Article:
Under the new conditions the need of a new service-book naturally received early and emphatic recognition. In the latter part of the reign of Henry VIII. some progress had been made toward revising the old forms of worship. This work was now carried forward with alacrity; and before the middle of the year 1549 the venerated product of English piety and scholarship, the Book of Common Prayer, was brought into use. It was largely the work of Cranmer, and reflects his inclination to a mediatorial position between the old and the new, his reverent love of the past and at the same time his consciousness of the need of change. It reflects also his felicitous mastery of the English language. "As the translation of the Bible," says Froude, "hears upon it the impress of Tyndale, so, while the Church of England remains, the image of Cranmer will be seen reflected on the calm surface of the Liturgy. The most beautiful portions of it are translations from the Breviary; yet the same prayers translated by others would not be those which chime like church-bells in the ears of the English child. The translations and the addresses, which are original, have the same silvery melody of language, and breathe the same simplicity of spirit." 1 History of England, v. 391,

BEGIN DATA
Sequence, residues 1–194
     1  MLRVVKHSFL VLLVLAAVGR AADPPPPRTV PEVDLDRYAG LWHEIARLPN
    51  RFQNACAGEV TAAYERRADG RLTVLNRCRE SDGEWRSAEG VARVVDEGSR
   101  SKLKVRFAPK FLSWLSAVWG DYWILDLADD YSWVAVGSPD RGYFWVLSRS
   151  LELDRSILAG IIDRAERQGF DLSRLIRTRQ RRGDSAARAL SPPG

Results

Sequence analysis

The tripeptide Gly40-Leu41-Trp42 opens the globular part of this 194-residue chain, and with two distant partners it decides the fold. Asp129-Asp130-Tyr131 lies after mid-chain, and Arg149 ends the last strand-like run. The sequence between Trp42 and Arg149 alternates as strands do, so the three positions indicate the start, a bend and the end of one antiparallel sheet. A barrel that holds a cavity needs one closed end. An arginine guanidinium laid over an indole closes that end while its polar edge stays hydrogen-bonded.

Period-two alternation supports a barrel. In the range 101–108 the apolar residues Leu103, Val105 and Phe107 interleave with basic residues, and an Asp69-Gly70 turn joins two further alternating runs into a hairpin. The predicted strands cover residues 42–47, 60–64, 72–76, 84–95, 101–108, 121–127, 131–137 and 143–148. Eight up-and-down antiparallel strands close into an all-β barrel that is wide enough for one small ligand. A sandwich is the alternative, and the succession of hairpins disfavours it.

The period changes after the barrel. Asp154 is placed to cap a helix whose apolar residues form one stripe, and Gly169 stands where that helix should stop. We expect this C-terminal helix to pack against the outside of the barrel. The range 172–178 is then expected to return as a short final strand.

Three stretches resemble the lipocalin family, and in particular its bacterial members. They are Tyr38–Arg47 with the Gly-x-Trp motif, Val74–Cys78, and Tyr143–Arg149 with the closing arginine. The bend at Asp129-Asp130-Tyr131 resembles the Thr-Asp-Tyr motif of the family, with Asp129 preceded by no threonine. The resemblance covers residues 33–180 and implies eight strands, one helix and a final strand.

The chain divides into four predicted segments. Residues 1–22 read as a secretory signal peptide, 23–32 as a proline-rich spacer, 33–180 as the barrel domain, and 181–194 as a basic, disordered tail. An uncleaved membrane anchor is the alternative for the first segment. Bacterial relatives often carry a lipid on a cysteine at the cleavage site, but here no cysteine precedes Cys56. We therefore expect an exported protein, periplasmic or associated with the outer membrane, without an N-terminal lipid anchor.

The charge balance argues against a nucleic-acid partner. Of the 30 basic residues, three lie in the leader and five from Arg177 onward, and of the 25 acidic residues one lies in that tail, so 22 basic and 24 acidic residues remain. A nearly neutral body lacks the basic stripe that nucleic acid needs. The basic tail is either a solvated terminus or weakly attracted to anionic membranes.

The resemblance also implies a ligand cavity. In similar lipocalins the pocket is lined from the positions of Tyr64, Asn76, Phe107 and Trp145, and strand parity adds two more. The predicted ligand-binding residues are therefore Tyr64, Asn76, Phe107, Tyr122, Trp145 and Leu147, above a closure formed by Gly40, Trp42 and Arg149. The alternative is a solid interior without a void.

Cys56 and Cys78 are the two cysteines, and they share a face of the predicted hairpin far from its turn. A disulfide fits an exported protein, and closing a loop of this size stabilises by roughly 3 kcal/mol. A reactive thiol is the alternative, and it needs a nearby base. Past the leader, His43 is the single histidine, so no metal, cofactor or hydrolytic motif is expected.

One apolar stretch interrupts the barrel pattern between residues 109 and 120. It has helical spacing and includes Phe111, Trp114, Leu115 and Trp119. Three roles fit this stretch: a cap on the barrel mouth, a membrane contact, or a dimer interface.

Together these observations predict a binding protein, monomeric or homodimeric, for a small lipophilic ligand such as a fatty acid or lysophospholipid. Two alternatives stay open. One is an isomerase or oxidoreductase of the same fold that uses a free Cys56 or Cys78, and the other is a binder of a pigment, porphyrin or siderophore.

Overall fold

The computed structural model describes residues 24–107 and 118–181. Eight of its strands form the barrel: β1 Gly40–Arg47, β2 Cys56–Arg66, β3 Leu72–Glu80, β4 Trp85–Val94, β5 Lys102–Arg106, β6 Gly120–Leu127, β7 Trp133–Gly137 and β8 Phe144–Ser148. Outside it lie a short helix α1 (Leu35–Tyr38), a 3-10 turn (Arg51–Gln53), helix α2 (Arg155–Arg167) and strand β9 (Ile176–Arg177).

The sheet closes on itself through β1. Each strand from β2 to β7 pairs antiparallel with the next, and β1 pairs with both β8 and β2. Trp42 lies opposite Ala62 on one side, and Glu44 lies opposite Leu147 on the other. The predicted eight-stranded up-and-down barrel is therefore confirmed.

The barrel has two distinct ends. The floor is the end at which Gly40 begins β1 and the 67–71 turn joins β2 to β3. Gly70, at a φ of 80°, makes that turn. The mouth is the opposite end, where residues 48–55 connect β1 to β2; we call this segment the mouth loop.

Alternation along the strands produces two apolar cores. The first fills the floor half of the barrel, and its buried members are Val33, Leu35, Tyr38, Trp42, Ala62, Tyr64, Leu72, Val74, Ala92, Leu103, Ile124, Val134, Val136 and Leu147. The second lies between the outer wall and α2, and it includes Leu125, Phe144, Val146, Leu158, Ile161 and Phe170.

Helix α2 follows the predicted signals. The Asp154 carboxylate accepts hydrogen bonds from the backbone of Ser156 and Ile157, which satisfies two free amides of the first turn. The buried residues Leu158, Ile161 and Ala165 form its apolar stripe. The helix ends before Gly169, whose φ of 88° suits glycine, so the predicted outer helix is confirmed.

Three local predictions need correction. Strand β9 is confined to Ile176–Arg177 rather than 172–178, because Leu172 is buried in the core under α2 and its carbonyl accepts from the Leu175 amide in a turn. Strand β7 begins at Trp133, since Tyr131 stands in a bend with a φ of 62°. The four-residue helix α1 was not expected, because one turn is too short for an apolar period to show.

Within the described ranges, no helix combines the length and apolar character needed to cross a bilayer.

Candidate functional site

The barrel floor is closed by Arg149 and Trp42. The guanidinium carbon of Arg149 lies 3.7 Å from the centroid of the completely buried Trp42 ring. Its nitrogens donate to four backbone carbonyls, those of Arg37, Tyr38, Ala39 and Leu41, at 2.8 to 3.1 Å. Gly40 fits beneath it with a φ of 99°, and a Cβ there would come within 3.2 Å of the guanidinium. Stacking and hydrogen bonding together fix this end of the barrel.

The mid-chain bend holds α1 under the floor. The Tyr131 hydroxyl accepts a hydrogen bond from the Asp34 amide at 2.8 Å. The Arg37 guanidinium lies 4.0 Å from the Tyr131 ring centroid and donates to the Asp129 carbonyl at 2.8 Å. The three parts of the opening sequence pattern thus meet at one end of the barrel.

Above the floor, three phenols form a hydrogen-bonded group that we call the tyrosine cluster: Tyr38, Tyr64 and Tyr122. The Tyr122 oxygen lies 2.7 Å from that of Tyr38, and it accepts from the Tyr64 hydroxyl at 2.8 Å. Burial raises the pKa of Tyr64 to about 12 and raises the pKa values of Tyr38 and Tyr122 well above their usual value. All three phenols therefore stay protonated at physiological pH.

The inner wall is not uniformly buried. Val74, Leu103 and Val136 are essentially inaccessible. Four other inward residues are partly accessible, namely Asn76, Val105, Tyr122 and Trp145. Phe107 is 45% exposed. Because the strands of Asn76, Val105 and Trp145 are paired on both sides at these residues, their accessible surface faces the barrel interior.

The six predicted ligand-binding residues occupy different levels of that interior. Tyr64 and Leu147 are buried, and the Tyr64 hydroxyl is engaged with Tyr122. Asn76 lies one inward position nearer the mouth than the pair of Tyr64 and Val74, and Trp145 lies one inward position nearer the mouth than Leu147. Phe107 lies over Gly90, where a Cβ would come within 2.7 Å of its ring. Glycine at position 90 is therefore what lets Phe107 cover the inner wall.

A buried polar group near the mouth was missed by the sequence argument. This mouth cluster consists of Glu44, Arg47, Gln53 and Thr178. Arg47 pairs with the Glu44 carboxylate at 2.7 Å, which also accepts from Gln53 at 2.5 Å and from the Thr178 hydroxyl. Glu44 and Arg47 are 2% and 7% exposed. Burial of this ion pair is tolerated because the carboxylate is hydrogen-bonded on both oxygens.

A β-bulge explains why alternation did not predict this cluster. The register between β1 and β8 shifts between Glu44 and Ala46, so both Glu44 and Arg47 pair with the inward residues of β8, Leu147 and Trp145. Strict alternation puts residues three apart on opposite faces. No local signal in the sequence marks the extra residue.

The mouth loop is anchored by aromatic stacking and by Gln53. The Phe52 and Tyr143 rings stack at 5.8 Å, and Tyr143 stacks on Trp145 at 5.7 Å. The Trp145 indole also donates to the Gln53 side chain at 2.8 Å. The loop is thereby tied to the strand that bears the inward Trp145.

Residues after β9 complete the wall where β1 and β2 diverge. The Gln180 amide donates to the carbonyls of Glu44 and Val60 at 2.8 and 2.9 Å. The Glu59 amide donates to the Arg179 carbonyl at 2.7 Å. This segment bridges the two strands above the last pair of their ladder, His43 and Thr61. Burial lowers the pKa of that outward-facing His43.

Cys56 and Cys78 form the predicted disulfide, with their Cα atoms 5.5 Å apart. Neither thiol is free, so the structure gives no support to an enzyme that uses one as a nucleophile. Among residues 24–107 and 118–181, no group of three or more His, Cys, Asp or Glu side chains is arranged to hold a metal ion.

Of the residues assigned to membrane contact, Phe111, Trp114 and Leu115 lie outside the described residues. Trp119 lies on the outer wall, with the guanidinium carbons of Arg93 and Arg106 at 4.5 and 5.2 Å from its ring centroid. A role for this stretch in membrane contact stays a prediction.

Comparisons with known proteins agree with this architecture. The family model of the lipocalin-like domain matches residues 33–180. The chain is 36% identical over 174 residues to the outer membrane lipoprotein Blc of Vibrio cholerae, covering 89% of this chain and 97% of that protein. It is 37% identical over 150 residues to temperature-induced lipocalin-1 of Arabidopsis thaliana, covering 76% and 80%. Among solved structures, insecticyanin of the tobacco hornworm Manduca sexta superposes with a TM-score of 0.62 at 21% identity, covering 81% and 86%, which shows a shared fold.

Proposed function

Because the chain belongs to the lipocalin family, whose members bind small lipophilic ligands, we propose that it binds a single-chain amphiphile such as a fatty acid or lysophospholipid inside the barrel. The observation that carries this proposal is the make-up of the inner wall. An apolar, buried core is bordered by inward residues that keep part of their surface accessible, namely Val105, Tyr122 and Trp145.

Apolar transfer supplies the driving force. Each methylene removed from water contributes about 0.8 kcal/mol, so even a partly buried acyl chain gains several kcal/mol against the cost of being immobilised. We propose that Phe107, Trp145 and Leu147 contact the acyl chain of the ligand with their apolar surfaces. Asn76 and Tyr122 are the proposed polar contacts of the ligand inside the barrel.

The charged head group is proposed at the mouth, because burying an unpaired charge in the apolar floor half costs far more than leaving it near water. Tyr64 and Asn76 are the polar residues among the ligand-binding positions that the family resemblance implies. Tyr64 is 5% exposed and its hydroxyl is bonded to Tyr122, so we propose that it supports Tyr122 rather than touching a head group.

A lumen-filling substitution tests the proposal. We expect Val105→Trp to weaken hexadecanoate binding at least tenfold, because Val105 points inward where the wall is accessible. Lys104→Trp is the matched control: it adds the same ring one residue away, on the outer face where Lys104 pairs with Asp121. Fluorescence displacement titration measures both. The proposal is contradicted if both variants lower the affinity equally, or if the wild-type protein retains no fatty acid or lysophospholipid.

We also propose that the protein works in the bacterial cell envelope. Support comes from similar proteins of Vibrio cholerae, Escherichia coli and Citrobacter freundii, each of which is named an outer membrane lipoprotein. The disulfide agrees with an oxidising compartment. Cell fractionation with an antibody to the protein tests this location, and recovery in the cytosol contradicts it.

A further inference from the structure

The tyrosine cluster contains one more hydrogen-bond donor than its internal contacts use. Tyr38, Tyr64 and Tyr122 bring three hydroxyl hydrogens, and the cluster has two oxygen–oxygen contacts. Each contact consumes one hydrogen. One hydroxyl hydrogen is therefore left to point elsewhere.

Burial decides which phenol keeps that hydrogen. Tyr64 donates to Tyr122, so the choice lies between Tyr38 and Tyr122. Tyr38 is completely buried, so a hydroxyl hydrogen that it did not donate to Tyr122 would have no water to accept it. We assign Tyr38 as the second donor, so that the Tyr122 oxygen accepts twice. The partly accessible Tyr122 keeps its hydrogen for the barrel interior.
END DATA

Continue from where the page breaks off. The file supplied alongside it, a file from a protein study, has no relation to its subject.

The progress of opinion soon raised a demand that some of the traces of mediæval thought and custom, which had been retained in the Prayer Book, should be corrected. The influence of the foreign divines no doubt helped to strengthen this demand, but there were native theologians who were anxious to cast out the remaining vestiges of mediævalism. Among these was Hooper, to whom a special notoriety attaches as a forerunner of the Puritans in his opposition to the clerical vestments. The learned Ridley was also in favor of such emendations as should make the Prayer Book a more unequivocal exponent of Protestant sentiments. These recommendations succeeded the more easily as Cranmer himself shared in the advance of opinion. Quite early in the reign of Edward VI. his mind seems to have been disabused of the doctrine of the real presence, and he was carried along by the current into enlarging sympathy with the ordinary Reformed type. Accordingly a revision was made, and a somewhat more Protestant cast was given to the Prayer Book, much to the grief of Nonjurors and Ritualists in later times.

1 One of the principal changes effected by the revision of the Prayer Book was in the communion service. The invocation of the Holy Ghost upon the elements was omitted, the prayer of oblation was converted into a thanksgiving, and the words used in the delivery of the elements were so modified as to avoid any implication of a real bodily presence. We may also include among the more noticeable items the discontinuance of exorcism and other usages connected with baptism and the visitation of the sick (Hardwicke, Reformation, pp. 224-229).